Addiction, autism, psychosomatic illness and schizophrenia are subjects covered in the six books that have been shortlisted for the Wellcome Book Prize 2016, announced today.

This prize, which is worth £30,000 and funded by the Wellcome Trust, focuses on finding the best recent publications that engage with any aspect of medicine, health or illness, whether through the focus of expertise or experience. Previous winners have included Andrew Solomon’s Far from the Tree, about the diversity of family experience, and Marion Coutts’ The Iceberg, which is an account of the death of her husband from a brain tumour.

In the non-fiction camp, there is Amy Liptrot’s The Outrun, about leaving the city for an isolated island existence as the author attempted to overcome her addiction to alcohol. It’s All in Your Head is written by Suzanne O’Sullivan, a neurologist who specialises in cases in which an emotional , rather than a physiological, cause is suspected. The Last Act of Love is author Cathy Rentzenbrink’s memoir of her teenage brother’s accident, and its long-term impact on her family. Neurotribes confounds traditional thinking about autism, and is written by Steve Silberman; it has already won the 2015 Samuel Johnson Prize for Non-Fiction.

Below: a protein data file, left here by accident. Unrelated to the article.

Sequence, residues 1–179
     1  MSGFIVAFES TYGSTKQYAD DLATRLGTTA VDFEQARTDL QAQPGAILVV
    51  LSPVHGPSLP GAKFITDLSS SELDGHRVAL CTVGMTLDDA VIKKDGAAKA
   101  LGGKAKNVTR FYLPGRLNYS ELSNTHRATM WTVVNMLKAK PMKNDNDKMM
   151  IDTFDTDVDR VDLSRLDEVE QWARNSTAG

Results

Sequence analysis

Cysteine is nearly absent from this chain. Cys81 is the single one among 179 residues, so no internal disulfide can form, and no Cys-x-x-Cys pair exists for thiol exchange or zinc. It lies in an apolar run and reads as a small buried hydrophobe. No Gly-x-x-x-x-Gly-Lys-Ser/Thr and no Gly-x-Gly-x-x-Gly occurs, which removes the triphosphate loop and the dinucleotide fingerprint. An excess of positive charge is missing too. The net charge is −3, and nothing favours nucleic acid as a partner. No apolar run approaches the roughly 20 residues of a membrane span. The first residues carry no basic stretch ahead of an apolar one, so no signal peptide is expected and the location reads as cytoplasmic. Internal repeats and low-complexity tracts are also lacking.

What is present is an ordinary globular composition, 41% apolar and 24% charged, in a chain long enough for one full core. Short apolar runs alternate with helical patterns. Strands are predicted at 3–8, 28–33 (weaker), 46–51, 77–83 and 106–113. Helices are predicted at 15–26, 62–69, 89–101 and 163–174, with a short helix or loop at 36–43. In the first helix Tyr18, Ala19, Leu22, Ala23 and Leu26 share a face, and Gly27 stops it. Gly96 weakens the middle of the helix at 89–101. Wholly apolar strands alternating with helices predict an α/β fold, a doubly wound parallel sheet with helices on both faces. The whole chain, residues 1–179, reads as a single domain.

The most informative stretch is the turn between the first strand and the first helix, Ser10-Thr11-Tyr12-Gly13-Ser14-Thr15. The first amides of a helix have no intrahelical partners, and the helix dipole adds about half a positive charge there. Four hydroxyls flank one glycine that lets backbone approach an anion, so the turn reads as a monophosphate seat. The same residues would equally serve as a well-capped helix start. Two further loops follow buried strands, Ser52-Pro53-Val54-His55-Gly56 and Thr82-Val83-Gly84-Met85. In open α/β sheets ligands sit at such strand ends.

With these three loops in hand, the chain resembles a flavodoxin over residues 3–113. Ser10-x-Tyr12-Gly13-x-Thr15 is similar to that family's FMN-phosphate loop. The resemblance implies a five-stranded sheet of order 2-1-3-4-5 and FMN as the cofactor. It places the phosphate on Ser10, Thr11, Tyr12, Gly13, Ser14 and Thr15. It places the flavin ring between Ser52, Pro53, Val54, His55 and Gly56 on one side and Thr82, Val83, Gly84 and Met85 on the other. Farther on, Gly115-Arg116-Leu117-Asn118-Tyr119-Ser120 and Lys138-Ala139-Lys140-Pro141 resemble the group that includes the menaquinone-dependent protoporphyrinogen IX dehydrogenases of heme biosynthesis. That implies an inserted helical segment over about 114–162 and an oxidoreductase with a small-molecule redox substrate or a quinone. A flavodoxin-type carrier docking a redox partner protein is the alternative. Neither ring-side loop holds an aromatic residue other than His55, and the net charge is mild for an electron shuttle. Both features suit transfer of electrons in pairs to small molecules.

Novels with a medical theme that have made the shortlist are Playthings by Alex Phelby, an account of a mentally ill judge in the early 20th century; and Signs for Lost Children, by Sarah Moss, whose book Bodies of Light was shortlisted last year.

The judging panel was headed by Baroness Joan Bakewell, and included Frances Balkwill, professor of Cancer Biology at Barts Cancer Institute; columnist Damien Barr; novelist Tessa Hadley; journalist Sathnam Sanghera.

The prize will be announced on April 25. In the weeks leading up to that we will be running a weekly post highlighting or extracting from each of the books.